Undefined - Submission by Srishti Pandey

**This blog post is a submission from one of our lovely readers! If you would like to submit a blog post to be featured here on our website, please email it to us at .

Army brats don’t flinch if they’re teased, pointed and laughed at, humiliated or whispered about. They know that they are always going to be the ‘new kid’; they’ll never fit in. I guess I am too weak to be one – it broke me. Now, I’m undefined.

“My name is Srishti Pandey. I moved here from Nashik.” I am 5 years old. Out of breath, I was late on my first day of first grade. “Can you do cartwheels?” The boy on the front seat asks, and we erupt into laughter.

“I moved here from Ooty.” I am six. I glance at the teacher for approval but she isn’t looking at me. “Hopefully you will be wearing the correct uniform by next week," she says. “Yes ma’am.”

“I moved here from Bareilly." I am nine. The teacher nods, forcing a smile; she tells me to complete my work on time. I look at the class. There is a girl smiling at me. “You can borrow my books if you want.” It’s a genuine smile.

“I moved here from Mumbai.” I am ten. The teacher is beaming. But something has changed. There is a lot more whispering now. Ten-year-olds don’t want to be friends. They want to remain friends with whom they already are.

“I moved here from Nashik." I am thirteen. Life really does come full circle. The teacher doesn’t seem too pleased. But I don’t care what anybody says; I sit down and open my textbook. I’m tired of fitting in. I’m tired of pleasing people. I can’t take it anymore.

Most people presume that I belong to the city I come from, that I am from there. And they are wrong. Because assumption isn’t always mankind’s friend. But when I am asked “Where are you from?”, I gulp. I take a deep shaky breath, sigh audibly and rub my nape. I stammer, “My parents are from Ranchi.” That satisfies everybody, except me. I don’t know how to answer that question. I’ve never been in a place long enough to remember the name of the most famous local sweet shop. So, it isn’t my fault. Every year when we go to visit my grandparents, I can feel their disappointment. “I am sorry, but it isn’t my fault” – I want to shout. I don’t understand the language they speak. I don’t do things the way they do. I am not from there. Then again, I’ve never understood any regional language that has constantly been spoken around me. I am not from anywhere. Where am I from? It's undefined.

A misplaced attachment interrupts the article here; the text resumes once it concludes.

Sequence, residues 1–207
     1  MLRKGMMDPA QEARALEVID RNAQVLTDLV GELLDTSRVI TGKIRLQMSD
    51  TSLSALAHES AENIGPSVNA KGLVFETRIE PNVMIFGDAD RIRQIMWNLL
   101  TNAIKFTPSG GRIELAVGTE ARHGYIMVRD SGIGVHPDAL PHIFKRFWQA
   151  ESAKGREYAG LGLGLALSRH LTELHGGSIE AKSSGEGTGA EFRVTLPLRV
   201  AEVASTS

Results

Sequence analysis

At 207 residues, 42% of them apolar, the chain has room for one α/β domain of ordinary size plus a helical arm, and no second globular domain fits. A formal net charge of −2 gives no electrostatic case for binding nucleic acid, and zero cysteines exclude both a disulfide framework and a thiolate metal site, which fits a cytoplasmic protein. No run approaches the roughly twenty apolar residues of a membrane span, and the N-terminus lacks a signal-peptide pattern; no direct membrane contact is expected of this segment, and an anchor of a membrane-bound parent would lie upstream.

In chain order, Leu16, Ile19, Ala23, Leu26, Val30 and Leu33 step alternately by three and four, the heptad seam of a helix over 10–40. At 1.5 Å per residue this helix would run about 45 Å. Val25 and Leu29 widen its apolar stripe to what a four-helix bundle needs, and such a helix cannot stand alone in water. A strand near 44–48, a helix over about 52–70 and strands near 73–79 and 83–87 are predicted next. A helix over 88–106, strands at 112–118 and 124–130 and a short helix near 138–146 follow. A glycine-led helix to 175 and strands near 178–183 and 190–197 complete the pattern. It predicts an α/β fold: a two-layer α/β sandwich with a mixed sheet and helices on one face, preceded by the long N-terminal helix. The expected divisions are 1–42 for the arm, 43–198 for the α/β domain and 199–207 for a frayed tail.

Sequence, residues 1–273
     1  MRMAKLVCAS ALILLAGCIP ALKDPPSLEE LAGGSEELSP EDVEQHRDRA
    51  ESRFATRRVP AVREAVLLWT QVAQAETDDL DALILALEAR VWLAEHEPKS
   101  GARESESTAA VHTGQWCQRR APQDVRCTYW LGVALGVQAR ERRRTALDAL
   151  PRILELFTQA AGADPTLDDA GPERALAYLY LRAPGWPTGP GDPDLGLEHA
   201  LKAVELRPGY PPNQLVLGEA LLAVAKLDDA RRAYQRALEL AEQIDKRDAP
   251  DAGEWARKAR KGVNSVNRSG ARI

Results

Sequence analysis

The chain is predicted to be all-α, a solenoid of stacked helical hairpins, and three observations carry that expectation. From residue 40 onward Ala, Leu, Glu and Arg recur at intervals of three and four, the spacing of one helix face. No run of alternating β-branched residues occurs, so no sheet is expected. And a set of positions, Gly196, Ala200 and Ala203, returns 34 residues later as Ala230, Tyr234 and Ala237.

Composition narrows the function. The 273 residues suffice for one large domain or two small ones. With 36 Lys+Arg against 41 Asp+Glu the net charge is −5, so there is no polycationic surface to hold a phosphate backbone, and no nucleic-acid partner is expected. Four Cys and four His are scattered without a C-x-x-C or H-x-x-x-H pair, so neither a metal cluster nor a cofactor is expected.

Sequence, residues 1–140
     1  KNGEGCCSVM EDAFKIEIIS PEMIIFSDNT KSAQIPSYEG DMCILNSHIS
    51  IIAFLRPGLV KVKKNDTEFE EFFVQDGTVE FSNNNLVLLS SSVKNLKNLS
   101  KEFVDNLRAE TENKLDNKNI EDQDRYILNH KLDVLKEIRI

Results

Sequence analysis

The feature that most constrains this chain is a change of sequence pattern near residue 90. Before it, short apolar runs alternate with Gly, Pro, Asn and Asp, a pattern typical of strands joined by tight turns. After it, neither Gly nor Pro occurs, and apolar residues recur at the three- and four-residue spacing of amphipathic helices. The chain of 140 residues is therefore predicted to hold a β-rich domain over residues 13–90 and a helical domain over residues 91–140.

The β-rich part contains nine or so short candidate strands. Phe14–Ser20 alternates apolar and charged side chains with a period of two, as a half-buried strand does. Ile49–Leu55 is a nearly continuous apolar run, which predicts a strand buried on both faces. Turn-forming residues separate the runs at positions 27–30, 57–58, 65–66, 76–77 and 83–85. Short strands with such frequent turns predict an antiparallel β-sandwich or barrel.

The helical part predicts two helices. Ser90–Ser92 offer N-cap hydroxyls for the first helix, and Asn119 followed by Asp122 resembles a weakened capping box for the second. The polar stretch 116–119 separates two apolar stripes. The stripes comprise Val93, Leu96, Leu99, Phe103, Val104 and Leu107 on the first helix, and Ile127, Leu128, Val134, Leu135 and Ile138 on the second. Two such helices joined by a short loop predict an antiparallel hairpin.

Every few years, we have to pack and unpack. I see our belongings and all our memories fit into the back of a truck and moved halfway across the country. But not all of it reached the destination.

When everything changed all the time, the only constant that I had was math. Its complexity and irrationality make sense. So, I hung on to math – it has kept me sane. But turns out, math isn’t an absolute constant. What will keep me sane when I no longer have it? It's undefined.

Going to school was like being stuck in a “reading your assumptions about me” video, which lasted 10 years too long. I took the assumptions to be true. I tried to fix myself because I wanted everyone to like me. So, thinking about whatever I said, to make sure I hadn’t said anything wrong, all night was valid. Looking in the mirror and wanting to end was valid. Trying to be like that friend was valid. Not raising my hand in class was valid. Lying to my parents was valid. Seeking validation was valid. Was I wrong? Or was I wronged?

In a society where the words ‘queer’ and ‘gay’ are still sometimes used as slurs, how could I say, that when I look around, my eyes don’t rest on anyone for that extra second? It’s easier to let people presume, than to explain. And it's even easier to follow the crowd and be like everyone else. But doing that wore me out, then burned me.

So, I asked myself, “What makes you happy, Srishti? What makes you come alive?” Being brilliant. Being different. And I found myself. Undefined. And yet, Me.

3 views0 comments